Really though, any improvements are welcome to this system. Slowly, Buffalo’s public transportation is getting recognized (deservedly so) as a comprehensive and reliable source of transportation, and as the NFTA rolls out more infrastructure improvements (both technological and physical), its reputation will only increase. That being said, the Buffalo-Amherst study highlights the need for more targeted efforts by the region and the state to make Buffalo’s public transportation better, not just broader.
In a way, that is the biggest frustration with the Buffalo-Amherst Alternatives. In trying to expand services to attract current non-users, they miss an opportunity to study what ails their system in the suburbs: it’s not just Buffalo that needs better infrastructure, but Amherst as well. This stop at the intersection of Millersport and North Forest could use the same improvements currently proposed for Niagara Street:
For a number of years now, a great deal of Buffalo residents reverse-commute to areas like this, where suburban office-parks have emerged for the same reason UB selected their site in the late 1960s; cheap subsidized land. This intersection could use heated bus shelters, posted schedules, and cut-outs just as much as key corridors in Buffalo would. At least this intersection has sidewalks: one-block to the west at Jon James Audubon Parkway (which Google says is also a stop, though I can’t find a corresponding route), one lonely sidewalk is the only pedestrian infrastructure for any bus riders who may be commuting to the numerous offices around the intersection.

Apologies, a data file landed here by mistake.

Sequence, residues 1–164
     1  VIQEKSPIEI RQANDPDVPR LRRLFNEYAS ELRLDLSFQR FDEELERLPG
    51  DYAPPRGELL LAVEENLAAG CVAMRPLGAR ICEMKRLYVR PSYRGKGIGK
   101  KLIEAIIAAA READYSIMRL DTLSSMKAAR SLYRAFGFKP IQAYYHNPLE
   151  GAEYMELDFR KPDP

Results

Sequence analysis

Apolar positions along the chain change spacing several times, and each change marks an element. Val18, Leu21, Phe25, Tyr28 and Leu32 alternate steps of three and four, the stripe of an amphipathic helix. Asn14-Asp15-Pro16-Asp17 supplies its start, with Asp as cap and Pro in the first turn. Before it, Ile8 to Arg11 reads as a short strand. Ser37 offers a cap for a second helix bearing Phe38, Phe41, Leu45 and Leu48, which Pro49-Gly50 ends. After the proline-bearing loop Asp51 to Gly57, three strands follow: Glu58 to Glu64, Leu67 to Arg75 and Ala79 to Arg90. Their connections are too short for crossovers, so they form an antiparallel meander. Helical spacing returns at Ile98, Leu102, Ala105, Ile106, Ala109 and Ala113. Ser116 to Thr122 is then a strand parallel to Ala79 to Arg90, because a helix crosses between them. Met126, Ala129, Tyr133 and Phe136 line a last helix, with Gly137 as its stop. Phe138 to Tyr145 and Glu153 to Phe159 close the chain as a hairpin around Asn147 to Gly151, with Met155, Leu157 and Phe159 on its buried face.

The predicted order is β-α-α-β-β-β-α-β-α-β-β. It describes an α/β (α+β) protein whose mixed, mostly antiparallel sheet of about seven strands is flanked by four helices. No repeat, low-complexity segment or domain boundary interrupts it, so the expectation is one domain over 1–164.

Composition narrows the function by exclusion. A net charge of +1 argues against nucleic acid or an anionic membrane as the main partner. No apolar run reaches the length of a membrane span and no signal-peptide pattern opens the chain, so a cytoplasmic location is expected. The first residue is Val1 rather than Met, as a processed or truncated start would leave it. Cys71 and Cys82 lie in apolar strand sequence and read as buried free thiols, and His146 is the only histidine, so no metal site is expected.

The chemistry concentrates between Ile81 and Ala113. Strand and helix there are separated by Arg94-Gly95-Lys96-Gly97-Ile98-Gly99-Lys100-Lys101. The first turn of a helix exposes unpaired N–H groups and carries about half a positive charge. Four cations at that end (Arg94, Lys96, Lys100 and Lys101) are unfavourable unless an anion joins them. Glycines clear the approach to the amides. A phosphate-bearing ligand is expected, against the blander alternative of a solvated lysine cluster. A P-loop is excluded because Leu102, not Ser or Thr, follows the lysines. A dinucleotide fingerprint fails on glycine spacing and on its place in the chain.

An article on Buffalo Rising critiqued the recent stream of marketing campaigns about how nice Buffalo actually is. The author concluded, “If we want more people to know Buffalo the way we know it, we need to stop just telling people about it and simply do more of it. We need to do less of the things that’ll make “them” believe we’re something else and more of the things that’ll make them know exactly who we are.”
The NFTA should take this idea to heart when considering their Amherst-Buffalo corridor and future studies in Buffalo. If they focus on improvements to change the system from something that people need to use to something people like to use, they can stop asking, “If we create new routes, will it increase ridership?”
Instead, if they make the right changes, they’ll be asking, “Can we create new routes to meet ridership demands?”
This piece also appeared on The Preservation Exchange.